Pics alert law enforcement to metals thievesPublished 8:36pm Thursday, August 15, 2013
New laws regarding the sale of metal to recycling businesses are making it increasingly difficult for alleged thieves to sell their goods.
According to Maj. Kenneth Watson, spokesman for the Beaufort County Sheriff’s Office, while sellers of non-ferrous metal were previously required to submit a picture ID, the tag number of the vehicle by which the metal was transported to the recycling business, as well as tell the business where the metal came from, now sellers must go a step further: have their picture taken with the metal they’re selling.
The new requirement makes it easier for law enforcement to track down sellers of stolen metals, Watson said.
“It increases the likelihood that they’ll get caught,” Watson said.
A recent case of this was metal reported stolen from F. Ray Moore Oil Company in Washington on Aug. 6. According to a press release from the sheriff’s office, tools and copper were taken from a truck and utility trailer within a fenced-in area behind the business.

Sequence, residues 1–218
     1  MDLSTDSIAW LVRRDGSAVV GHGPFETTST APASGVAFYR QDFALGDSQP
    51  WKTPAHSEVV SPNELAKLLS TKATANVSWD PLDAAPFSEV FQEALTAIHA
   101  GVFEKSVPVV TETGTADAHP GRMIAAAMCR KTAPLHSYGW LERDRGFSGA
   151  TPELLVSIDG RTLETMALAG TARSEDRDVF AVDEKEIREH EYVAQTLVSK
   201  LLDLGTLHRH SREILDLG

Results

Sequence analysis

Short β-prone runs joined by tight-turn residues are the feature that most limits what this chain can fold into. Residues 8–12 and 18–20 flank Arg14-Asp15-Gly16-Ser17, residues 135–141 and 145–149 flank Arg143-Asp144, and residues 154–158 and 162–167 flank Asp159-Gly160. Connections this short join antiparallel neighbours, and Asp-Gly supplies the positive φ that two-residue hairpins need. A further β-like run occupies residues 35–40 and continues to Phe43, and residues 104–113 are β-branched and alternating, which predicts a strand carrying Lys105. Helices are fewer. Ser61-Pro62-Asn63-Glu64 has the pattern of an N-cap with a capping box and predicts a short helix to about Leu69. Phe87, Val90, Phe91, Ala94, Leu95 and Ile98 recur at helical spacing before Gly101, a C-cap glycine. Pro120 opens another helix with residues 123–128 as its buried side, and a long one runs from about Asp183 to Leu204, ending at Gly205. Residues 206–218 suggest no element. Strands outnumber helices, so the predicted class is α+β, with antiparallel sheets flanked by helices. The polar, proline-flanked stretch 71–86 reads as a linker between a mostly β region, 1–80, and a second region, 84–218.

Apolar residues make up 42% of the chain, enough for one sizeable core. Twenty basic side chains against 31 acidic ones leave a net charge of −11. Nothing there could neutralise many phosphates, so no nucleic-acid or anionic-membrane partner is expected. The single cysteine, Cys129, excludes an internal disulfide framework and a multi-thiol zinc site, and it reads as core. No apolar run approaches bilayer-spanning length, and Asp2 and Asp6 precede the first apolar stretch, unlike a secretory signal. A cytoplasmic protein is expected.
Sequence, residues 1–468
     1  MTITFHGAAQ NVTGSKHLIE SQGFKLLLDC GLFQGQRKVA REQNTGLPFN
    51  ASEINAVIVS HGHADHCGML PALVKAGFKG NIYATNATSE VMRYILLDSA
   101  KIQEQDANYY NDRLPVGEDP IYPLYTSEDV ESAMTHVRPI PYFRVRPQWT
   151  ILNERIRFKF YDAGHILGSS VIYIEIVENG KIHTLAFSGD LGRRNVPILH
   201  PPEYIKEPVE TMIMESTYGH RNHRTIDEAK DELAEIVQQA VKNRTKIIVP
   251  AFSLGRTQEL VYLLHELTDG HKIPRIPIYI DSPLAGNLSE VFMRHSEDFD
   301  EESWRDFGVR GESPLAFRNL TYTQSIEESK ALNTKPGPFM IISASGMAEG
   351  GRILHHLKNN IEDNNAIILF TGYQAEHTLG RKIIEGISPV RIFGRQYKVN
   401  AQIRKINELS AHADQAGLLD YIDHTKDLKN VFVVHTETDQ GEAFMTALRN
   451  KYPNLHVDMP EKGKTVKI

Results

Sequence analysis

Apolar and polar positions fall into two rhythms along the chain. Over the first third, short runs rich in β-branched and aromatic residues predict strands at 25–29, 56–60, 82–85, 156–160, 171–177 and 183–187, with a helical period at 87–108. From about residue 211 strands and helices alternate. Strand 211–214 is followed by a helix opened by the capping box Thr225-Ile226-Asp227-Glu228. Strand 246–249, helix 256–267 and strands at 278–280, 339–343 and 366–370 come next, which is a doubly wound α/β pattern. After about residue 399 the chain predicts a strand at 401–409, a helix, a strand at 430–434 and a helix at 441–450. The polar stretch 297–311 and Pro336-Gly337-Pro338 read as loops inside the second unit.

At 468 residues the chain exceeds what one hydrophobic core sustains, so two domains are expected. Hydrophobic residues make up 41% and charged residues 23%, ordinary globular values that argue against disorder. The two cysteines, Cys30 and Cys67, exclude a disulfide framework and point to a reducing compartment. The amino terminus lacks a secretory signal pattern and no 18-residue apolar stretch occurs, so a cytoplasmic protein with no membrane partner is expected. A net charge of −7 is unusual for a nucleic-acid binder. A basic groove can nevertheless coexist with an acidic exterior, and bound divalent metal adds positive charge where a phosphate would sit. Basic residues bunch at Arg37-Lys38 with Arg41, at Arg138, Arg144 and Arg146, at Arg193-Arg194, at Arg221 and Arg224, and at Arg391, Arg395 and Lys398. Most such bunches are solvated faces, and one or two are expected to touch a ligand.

It took only a matter of days to track down the man allegedly responsible for the theft: on Aug. 12, Antonio Holley, 48, of North Respess Street, Washington, was arrested and charged with two counts of breaking and entering of a motor vehicle, two counts of felony larceny and obtaining property by false pretense.
“We received information that he sold new copper tubing in the box at a local recycling center,” said Watson. “We have pictures of him with the metal.”
Holley was held on a $10,000 secured bond. The copper recovered was returned to the victim, said the release.